RALEIGH — When he heard that Nancy Olson planned to sell her beloved Quail Ridge Books & Music, North Carolina novelist Clyde Edgerton immediately thought of two favorite moments:
The first came in 1985, when Olson bought several hundred copies of his second book Walking Across Egypt, five times as much as any other store, and stuffed them into crevices and corners of her then-tiny independent store. She vowed to sell every last copy, and after 10 years, she finally did.
The second came not long ago, when he inscribed a book to his longtime friend, who by then had ushered local writers all the way to the National Book Award.
If I could write books the way Nancy Olson sells books, Edgerton wrote, Id have won a Nobel Prize.
At 71, Olson wants someone else to care for the 70,000 titles she keeps on her shelves. Shes ready to retire, and doesnt want to die with her stores futures uncertain.
I started this as my baby, and now its a teenager older than a teenager, she said. Im just old. It comes down to that. Im just old.
Founded in 1984, Quail Ridge started in 1,900 square feet on Falls of Neuse Road cobbled together when Olson sold some stocks and borrowed some money from her parents.
Now at 9,400 square feet on Wade Avenue, it has steadily sold more than $3 million a year despite the rise of Kindle, Amazon and discount retailers.
Olson regularly packs readers into book signings, bringing in Pulitzer Prize winners such as Michael Chabon and Nobel Prize winners such as Al Gore. When the late journalist Christopher Hitchens came to Quail Ridge to debate a professor from Campbell University in 2007, crowds grew so heavy that 200 people had to be turned away.
Her finest moment, still, she said, was watching Chuck Frazier win the National Book Award for Cold Mountain, the Civil War story that she still counts among her biggest sellers.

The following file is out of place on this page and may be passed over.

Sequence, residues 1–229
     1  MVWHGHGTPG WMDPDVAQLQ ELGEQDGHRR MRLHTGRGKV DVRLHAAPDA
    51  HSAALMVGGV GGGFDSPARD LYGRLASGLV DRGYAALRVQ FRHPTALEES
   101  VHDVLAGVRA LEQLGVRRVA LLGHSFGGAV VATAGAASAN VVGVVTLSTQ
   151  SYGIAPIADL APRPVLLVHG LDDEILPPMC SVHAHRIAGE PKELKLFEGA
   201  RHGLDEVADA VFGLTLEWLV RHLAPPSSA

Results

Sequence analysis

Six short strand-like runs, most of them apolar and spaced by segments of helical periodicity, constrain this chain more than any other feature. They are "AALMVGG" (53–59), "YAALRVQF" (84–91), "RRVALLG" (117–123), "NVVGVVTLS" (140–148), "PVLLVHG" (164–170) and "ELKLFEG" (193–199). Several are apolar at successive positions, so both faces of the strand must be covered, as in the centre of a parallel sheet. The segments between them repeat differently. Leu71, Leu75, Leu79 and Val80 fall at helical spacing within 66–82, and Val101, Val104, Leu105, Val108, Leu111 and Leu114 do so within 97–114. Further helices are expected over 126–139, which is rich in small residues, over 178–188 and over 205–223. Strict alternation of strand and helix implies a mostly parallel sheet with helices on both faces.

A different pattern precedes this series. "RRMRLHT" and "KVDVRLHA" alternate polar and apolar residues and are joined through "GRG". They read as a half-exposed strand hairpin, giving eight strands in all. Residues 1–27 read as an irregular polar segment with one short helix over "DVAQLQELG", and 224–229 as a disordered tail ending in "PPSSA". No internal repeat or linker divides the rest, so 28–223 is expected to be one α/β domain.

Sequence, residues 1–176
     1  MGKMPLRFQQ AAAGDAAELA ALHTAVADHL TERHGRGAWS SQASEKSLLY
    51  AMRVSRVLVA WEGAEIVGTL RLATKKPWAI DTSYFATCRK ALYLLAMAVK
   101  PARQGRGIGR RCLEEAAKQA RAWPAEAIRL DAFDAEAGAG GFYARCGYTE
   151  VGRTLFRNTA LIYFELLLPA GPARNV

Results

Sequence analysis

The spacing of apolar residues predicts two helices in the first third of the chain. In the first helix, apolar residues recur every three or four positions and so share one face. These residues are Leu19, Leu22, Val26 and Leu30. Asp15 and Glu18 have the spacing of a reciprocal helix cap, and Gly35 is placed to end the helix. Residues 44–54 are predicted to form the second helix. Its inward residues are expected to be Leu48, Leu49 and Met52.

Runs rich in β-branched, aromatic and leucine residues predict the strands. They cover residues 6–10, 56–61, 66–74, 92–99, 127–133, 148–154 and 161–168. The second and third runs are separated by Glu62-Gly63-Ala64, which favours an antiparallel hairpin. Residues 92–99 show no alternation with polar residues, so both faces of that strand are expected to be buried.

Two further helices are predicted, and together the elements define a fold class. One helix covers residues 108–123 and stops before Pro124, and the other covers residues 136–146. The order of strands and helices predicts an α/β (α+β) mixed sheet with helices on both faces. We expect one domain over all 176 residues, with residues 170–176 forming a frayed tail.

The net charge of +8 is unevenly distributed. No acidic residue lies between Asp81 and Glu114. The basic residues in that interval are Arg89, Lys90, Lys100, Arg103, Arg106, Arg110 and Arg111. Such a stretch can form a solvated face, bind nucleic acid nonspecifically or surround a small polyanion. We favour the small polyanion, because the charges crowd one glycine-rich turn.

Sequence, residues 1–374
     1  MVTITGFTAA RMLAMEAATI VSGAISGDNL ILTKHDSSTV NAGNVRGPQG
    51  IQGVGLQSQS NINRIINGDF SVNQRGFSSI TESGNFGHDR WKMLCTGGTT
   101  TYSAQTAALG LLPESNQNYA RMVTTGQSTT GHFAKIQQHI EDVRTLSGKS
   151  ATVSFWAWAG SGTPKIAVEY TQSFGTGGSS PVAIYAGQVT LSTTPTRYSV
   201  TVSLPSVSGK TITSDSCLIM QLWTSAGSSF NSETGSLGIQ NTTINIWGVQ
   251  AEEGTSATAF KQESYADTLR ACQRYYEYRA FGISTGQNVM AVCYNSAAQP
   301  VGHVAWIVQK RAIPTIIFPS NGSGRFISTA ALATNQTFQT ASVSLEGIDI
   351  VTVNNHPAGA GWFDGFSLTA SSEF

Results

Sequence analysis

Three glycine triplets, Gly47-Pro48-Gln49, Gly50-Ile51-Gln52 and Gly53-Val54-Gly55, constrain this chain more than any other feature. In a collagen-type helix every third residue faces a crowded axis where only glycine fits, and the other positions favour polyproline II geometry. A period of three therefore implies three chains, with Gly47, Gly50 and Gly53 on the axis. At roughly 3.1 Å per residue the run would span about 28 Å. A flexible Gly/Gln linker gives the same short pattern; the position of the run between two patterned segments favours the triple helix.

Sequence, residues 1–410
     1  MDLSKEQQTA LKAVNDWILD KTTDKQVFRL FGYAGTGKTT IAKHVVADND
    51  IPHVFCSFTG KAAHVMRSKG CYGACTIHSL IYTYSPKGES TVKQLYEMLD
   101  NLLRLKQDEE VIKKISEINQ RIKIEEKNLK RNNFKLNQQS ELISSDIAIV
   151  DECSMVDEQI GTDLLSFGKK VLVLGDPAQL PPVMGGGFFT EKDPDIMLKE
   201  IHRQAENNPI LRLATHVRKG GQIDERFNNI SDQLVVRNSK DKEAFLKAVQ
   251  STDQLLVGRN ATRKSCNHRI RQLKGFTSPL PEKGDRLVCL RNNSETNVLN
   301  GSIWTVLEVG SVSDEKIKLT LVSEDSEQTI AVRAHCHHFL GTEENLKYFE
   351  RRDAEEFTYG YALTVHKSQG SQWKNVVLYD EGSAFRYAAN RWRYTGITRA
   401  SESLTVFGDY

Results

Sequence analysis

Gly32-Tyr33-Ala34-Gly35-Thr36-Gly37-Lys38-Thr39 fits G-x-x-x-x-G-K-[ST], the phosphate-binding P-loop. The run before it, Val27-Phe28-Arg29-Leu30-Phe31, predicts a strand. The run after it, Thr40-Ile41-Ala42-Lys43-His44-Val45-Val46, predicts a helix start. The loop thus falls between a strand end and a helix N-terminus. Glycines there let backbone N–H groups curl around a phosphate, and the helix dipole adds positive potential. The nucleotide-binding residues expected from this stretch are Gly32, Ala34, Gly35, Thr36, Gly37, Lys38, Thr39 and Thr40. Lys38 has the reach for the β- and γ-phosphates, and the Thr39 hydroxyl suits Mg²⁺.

She recalled knowing Frazier as a skinny kid who shared her taste for a good read.
When I came to Raleigh, I couldnt find a bookstore I liked, so I opened my own, Olson said. I wanted to try something different. I selected books that I felt were important. We started the author-signing events at the local stores. And we had a strong backing of North Carolina authors.
Olson plans to travel with her husband, Jim, but doesnt plan to leave right away or permanently. She hopes to find a buyer like herself: an avid reader who can keep the printed word going in the age of iPhones. Whoever buys it, she says, will have to let her stay on in some role.
The only person that I think might take her place would be God, Edgerton said. Her enthusiasm for a book never seemed fake. I think nobody but God could put on such a convincing show.
The standard line on independent book stores is theyre constantly at war with the Walmarts of the world, but their numbers are actually growing, said Oren Teicher, executive director of the American Bookseller Association.
Nearly 1,600 still operate nationwide, not counting many used and campus stores that arent part of the ABA. Olson has placed a unique stamp on Quail Ridge, he said, so it is bound to change. But not expire.
People are embracing print the way they embrace vinyl, said John Valentine, owner of The Regulator Bookshop in Durham. Its not going away. Theres a tremendous opportunity for somebody young and savvy.
Olson doesnt know just how picky she will be, or what her price might be. But she admitted Wednesday that shes turned down offers before.
The first came from an independent buyer who wanted her to leave in 30 days. She didnt sign.
The other came from a chain that wanted to cut staff and lower salaries, telling her the staff would stay on because they enjoyed the work. She turned the chain down, and before long, she said, it went out of business.